Largest Gathering of Appalachian Writers in History to Assemble at Berea College in September

The largest gathering of Appalachian writers in history will happen at Berea College on September 9 and 10. The Appalachian Symposium will be two days of public conversations focusing on the current state of the region’s literature and will feature keynote addresses by famed feminist author and activist bell hooks as well as Pulitzer Prize finalist Maurice Manning.  

The free two day event is being directed by Silas House, a writer and the NEH Chair of Appalachian Studies at Berea College. “The Appalachian Symposium is a gift from Berea College to the region, a chance for the public to spend time listening to their favorite writers discuss some of the most pertinent issues shaping the region right now,” House says. “Each session will be ‘front porch style,’ so that audience members feel as if they’re eavesdropping on the writers talking about these issues.”

While all sessions will focus on the contemporary state of the region’s literature, specific topics will include dialect, place, politics, religion, music, photography, displacement, the new millennium, gender roles, diversity, and much more. Besides the public conversations, three writing workshops are being offered, as well as a photography exhibit from acclaimed photographer Roger May, whose work was recently featured in The New York Times. Music from artists such as Caroline Herring and Sam Gleaves will be featured.  

Writers who will be present at the Symposium include Darnell Arnoult, Pamela Duncan, Denise Giardina, Robert Gipe, Jesse Graves, Amy Greene, Richard Hague, Jane Hicks, Ron Houchin, Jason Howard, Loyal Jones, George Ella Lyon, Linda Parsons Marion, Paula Nelson, Gurney Norman, Lisa Parker, Rita Quillen, Erik Reece, Gwyn Hyman Rubio, Anne Shelby, Glenn Taylor, Frank X Walker, Julia Watts, Charles Dodd White, Crystal Wilkinson, and Marianne Worthington.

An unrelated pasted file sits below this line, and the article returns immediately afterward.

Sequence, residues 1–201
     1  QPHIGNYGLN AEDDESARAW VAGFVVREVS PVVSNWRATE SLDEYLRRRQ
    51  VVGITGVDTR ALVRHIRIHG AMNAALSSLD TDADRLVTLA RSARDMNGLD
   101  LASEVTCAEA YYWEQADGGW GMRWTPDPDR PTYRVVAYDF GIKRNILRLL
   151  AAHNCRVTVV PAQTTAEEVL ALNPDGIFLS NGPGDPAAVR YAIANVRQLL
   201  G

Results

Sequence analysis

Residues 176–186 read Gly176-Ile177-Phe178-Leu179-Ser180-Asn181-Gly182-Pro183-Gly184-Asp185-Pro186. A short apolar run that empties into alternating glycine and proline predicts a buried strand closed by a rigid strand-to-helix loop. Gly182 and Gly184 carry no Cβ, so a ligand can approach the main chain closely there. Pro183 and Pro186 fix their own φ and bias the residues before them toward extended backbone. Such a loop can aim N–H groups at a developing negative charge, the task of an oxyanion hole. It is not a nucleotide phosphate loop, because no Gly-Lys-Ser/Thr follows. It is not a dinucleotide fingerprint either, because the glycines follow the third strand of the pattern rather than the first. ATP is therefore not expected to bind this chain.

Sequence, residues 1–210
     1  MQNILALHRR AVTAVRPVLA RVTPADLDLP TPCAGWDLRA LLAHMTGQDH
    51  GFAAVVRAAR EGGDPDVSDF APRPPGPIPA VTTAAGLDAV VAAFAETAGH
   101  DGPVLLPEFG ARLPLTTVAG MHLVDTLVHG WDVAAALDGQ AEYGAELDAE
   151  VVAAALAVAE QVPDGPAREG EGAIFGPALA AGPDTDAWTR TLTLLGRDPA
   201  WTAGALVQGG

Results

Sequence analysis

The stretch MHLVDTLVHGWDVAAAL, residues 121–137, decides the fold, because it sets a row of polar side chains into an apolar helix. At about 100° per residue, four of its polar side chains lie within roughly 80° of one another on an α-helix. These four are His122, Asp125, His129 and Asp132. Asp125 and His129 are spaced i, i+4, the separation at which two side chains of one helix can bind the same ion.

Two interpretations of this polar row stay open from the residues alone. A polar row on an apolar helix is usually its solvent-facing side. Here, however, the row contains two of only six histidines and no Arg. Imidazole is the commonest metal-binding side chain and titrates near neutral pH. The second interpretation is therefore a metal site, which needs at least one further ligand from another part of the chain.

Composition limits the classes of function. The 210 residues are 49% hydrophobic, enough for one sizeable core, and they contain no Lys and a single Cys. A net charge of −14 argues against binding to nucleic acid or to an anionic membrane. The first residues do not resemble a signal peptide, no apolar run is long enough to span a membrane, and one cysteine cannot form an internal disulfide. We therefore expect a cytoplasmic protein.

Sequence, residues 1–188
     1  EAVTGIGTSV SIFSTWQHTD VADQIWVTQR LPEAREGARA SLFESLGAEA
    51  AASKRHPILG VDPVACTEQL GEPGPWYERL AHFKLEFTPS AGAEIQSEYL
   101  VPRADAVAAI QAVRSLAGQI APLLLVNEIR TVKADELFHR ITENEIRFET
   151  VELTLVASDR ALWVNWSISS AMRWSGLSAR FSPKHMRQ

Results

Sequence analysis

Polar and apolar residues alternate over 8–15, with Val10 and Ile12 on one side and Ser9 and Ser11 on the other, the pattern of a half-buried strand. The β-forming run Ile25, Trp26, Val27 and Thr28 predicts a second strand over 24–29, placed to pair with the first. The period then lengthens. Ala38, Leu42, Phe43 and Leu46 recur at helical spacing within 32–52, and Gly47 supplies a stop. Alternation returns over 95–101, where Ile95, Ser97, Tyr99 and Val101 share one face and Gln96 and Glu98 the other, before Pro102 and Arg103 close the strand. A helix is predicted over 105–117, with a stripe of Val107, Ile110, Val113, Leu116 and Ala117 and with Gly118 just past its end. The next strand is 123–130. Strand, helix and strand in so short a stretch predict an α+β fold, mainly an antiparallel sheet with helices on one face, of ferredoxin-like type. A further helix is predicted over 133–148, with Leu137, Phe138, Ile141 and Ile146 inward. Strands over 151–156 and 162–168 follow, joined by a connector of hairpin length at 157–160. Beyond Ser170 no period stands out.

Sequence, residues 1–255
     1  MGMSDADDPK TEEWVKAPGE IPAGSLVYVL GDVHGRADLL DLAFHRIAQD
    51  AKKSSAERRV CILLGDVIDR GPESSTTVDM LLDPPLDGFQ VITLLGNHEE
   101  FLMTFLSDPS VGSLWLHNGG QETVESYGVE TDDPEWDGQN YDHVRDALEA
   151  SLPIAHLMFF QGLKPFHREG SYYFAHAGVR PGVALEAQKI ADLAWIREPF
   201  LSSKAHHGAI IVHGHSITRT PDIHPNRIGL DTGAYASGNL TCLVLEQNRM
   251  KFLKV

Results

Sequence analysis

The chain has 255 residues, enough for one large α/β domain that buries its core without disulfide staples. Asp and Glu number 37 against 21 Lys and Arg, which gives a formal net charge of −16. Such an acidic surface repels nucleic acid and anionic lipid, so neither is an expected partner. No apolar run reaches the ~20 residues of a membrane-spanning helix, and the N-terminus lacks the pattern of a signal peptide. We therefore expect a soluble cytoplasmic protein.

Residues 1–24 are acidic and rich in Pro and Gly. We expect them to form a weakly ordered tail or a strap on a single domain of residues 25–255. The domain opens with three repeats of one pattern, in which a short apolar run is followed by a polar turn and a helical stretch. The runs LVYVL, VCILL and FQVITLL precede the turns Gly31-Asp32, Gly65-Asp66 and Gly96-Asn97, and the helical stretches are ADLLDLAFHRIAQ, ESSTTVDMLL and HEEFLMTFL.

The event is open to the public and no registration is required.  All events except the photo exhibit and workshops will happen in Presser Hall on the campus of Berea College.  For more information and a complete schedule of sessions please go to or look for The Appalachian Symposium on Facebook at


Categories: News, People, Programs and Initiatives
Tags: Appalachia, bell hooks, Crystal Wilkinson, Literature, Silas House

Berea College, the first interracial and coeducational college in the South, focuses on learning, labor and service. The College only admits academically promising students with limited financial resources—primarily from Kentucky and Appalachia—but welcomes students from 41 states and 76 countries. Every Berea student receives a Tuition Promise Scholarship, which means no Berea student pays for tuition. Berea is one of nine federally recognized Work Colleges, so students work 10 hours or more weekly to earn money for books, housing and meals. The College’s motto, “God has made of one blood all peoples of the earth,” speaks to its inclusive Christian character.